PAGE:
Rapid ventricular pacing for flow arrest during cerebrovascular surgery : revival of an old concept
Faculty of Medicine and Health Sciences
Neurosurgery. - Baltimore, Md, 1977, currens
, p. 270-275
University of Antwerp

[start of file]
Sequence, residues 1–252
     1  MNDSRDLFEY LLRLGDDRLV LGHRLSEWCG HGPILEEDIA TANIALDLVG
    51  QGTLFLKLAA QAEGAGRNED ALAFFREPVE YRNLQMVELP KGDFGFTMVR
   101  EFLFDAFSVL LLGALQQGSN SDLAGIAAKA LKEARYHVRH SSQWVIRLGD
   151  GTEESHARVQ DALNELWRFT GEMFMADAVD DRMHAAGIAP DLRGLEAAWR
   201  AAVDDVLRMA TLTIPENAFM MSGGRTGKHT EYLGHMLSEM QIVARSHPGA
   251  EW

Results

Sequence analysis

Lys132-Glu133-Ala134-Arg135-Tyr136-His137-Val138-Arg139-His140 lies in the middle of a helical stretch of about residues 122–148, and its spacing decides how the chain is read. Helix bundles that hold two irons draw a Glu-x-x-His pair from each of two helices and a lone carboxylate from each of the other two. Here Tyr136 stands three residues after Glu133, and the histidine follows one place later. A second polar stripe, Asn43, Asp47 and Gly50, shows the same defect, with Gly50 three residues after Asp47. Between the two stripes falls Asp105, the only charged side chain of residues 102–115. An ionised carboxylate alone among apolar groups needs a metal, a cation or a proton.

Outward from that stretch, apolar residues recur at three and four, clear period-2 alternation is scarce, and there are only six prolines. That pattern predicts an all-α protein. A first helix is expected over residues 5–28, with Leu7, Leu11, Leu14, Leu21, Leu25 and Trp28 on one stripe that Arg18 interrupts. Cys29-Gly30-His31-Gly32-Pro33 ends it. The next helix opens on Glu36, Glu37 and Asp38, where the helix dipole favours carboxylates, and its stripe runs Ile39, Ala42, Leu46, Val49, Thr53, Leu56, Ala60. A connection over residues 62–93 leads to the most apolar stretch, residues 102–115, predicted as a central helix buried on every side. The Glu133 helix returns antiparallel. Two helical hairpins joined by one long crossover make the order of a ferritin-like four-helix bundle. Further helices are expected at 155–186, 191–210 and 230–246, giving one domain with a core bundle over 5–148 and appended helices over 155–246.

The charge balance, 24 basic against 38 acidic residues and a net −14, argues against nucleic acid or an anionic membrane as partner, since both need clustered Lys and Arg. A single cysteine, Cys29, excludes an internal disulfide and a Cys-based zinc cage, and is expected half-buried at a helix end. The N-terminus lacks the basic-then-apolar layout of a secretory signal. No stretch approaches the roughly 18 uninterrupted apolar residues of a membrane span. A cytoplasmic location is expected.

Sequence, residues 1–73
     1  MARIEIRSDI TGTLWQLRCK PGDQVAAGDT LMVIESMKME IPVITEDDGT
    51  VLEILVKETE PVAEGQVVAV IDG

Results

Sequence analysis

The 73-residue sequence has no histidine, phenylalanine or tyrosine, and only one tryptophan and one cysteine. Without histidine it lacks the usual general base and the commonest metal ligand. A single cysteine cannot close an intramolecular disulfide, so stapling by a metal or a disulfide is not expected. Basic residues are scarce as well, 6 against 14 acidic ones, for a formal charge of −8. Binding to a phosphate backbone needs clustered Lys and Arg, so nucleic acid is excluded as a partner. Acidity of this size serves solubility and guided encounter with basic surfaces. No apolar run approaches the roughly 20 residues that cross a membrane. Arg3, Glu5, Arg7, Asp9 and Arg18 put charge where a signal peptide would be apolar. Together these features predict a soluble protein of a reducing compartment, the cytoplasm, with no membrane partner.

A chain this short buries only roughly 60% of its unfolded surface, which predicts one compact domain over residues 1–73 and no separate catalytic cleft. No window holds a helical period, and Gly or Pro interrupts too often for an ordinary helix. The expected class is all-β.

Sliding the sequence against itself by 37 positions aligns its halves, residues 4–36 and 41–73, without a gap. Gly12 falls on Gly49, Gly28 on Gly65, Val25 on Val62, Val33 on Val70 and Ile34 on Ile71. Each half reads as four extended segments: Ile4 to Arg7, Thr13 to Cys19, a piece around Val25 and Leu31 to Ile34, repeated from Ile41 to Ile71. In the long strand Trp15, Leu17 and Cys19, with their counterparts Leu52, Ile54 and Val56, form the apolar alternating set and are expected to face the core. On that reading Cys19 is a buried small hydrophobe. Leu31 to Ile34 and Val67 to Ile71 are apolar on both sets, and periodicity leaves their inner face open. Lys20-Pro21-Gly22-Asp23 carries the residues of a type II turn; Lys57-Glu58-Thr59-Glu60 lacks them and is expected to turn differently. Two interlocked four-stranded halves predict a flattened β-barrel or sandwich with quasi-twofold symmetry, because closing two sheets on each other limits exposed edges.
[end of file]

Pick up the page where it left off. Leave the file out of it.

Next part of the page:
Background: Intraoperative rupture of a cerebral aneurysm can be a devastating event that increases operative morbidity and mortality. Rapid ventricular pacing (RVP) is a technique used in interventional cardiology to obtain flow arrest for short periods of time. Objective: We present our experience of RVP for flow arrest during cerebrovascular surgery. Methods: RVP was employed to produce flow arrest for periods of 40 s in twelve patients who underwent craniotomy for a cerebrovascular disorder (11 aneurysms and 1 AVM). Results: DuringRVP there was an immediate and significant reduction of blood pressure in each patient. The maximum degree of hypotension was obtained 3.2 +/- 0.7 seconds (mean+/-SD) after start of RVP. When RVP was terminated, normal sinus rhythm returned instantaneously along with recovery of indices of hemodynamic function. Subjectively, the decrease in blood pressures facilitated dissection, and during clipping the aneurysm sac felt softer and was easier to manipulate. No complications related to RVP occurred. Conclusion: RVP during cerebrovascular surgery is an effective method for lowering the arterial blood pressure in a controlled and directly reversible manner. Advances in cardiology now make RVP a promising and safe technique that can facilitate complex cerebrovascular surgery.